Hematopoietic cell transplant comorbidity index is predictive of survival after autologous hematopoietic cell transplantation in multiple myeloma.

Published

Journal Article

Autologous hematopoietic stem cell transplantation (AHCT) improves survival in patients with multiple myeloma (MM) but is associated with morbidity and nonrelapse mortality (NRM). Hematopoietic cell transplant comorbidity index (HCT-CI) was shown to predict risk of NRM and survival after allogeneic transplantation. We tested the utility of HCT-CI as a predictor of NRM and survival in patients with MM undergoing AHCT. We analyzed outcomes of 1156 patients of AHCT after high-dose melphalan reported to the Center for International Blood and Marrow Transplant Research. Individual comorbidities were prospectively collected at the time of AHCT. The impact of HCT-CI and other potential prognostic factors, including Karnofsky performance score (KPS), on NRM and survival were studied in multivariate Cox regression models. HCT-CI score was 0, 1, 2, 3, and >3 in 42%, 18%, 13%, 13%, and 14% of the study cohort, respectively. Subjects were stratified into 3 risk groups: HCT-CI score of 0 (42%) versus HCT-CI score of 1 to 2 (32%) versus HCT-CI score > 2 (26%). Higher HCT-CI was associated with lower KPS < 90 (33% of subjects score of 0 versus 50% in HCT-CI score > 2). HCT-CI score > 2 was associated with melphalan dose reduction (22% versus 10% in score 0 cohort). One-year NRM was low at 2% (95% confidence interval, 1% to 4%) and did not correlate with HCT-CI score (P = .9). On multivariate analysis, overall survival was inferior in groups with HCT-CI score of 1 to 2 (relative risk, 1.37, [95% confidence interval, 1.01 to 1.87], P = .04) and HCT-CI score > 2 (relative risk, 1.5 [95% confidence interval, 1.09 to 2.08], P = .01). Overall survival was also inferior with KPS < 90 (P < .001), IgA subtype (P ≤ .001), those receiving >1 pretransplant induction regimen (P = .007), and those with resistant disease at the time of AHCT (P < .001). AHCT for MM is associated with low NRM, and death is predominantly related to disease progression. Although a higher HCT-CI score did not predict NRM, it was associated with inferior survival.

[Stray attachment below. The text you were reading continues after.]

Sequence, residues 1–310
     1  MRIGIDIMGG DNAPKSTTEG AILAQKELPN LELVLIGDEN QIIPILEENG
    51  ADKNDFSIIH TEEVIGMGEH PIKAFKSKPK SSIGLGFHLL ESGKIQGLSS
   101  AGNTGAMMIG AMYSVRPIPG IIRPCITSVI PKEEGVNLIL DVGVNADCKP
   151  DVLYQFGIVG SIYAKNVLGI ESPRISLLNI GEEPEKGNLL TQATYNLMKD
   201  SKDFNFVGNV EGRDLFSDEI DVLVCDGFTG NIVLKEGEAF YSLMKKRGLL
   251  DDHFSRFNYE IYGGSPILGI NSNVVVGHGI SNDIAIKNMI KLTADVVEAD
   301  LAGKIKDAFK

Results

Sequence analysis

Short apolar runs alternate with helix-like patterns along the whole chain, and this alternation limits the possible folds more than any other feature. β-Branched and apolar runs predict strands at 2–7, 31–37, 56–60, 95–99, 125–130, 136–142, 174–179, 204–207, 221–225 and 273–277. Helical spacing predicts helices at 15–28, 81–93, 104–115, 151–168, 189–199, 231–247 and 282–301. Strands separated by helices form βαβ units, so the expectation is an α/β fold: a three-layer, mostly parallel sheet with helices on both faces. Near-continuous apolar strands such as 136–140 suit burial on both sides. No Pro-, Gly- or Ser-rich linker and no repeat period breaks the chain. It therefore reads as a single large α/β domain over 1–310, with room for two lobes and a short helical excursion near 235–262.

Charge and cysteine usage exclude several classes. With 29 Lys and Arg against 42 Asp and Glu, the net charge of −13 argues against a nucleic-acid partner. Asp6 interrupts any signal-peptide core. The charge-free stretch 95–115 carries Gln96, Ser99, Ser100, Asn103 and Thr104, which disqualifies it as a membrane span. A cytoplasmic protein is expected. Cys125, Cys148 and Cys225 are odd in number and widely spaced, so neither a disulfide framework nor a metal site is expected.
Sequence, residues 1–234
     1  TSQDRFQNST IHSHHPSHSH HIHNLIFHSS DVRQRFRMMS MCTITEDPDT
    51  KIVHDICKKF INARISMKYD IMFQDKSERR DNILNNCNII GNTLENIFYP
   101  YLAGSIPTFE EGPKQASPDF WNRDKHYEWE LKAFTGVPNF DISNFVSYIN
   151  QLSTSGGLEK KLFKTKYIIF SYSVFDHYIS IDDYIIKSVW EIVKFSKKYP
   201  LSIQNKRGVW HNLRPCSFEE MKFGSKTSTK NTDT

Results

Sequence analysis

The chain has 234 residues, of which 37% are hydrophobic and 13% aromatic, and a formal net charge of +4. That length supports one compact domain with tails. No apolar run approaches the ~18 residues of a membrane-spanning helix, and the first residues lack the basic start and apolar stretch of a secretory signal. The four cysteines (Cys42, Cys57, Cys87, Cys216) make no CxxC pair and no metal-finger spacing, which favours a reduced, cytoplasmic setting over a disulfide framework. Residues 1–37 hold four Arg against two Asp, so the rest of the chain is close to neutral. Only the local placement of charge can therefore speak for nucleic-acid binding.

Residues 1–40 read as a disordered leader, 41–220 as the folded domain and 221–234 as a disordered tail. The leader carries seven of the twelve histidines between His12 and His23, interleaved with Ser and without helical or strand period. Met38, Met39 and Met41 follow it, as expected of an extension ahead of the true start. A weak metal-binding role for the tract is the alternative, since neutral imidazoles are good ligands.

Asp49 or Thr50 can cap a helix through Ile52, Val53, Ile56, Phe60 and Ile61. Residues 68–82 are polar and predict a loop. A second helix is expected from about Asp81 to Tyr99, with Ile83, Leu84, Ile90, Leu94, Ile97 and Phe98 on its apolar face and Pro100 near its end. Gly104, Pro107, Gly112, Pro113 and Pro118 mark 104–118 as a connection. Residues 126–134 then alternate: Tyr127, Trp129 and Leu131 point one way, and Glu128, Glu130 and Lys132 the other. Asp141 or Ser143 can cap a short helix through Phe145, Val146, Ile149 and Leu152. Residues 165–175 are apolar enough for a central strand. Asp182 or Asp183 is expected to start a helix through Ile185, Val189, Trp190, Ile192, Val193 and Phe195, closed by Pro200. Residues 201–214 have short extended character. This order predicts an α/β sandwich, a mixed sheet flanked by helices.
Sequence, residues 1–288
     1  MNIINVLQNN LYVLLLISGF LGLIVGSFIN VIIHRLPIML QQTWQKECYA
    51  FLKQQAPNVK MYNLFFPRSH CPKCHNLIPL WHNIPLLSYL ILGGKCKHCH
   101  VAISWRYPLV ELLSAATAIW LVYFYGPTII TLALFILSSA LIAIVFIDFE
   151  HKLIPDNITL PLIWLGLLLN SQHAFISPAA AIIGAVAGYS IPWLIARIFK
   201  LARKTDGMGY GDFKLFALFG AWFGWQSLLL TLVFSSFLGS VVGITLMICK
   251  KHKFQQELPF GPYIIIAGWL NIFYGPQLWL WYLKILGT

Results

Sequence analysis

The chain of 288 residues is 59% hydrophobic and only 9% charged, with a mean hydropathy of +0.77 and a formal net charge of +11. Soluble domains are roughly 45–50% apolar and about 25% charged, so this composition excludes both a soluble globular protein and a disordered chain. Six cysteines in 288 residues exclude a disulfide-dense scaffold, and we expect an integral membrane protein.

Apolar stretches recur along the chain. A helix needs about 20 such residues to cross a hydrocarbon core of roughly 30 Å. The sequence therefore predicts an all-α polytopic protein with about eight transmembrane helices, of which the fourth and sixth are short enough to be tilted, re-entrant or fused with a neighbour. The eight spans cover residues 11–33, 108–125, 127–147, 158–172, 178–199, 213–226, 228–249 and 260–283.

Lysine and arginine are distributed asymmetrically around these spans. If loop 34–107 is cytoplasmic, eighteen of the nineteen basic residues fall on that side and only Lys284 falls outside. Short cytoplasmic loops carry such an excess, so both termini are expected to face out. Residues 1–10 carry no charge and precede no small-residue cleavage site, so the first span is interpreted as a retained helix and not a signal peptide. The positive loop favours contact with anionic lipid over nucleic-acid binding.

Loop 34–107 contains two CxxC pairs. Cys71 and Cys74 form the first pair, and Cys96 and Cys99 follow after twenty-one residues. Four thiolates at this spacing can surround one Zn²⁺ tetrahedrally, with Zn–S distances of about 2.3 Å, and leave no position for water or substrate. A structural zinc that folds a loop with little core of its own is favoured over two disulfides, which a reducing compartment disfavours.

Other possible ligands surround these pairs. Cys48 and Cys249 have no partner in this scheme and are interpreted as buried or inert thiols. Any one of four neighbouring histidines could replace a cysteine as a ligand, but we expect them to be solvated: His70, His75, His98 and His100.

Full Text

Duke Authors

Cited Authors

  • Saad, A; Mahindra, A; Zhang, M-J; Zhong, X; Costa, LJ; Dispenzieri, A; Drobyski, WR; Freytes, CO; Gale, RP; Gasparetto, CJ; Holmberg, LA; Kamble, RT; Krishnan, AY; Kyle, RA; Marks, D; Nishihori, T; Pasquini, MC; Ramanathan, M; Lonial, S; Savani, BN; Saber, W; Sharma, M; Sorror, ML; Wirk, BM; Hari, PN

Published Date

  • March 2014

Published In

Volume / Issue

  • 20 / 3

Start / End Page

  • 402 - 408.e1

PubMed ID

  • 24342394

Pubmed Central ID

  • 24342394

Electronic International Standard Serial Number (EISSN)

  • 1523-6536

Digital Object Identifier (DOI)

  • 10.1016/j.bbmt.2013.12.557

Language

  • eng

Conference Location

  • United States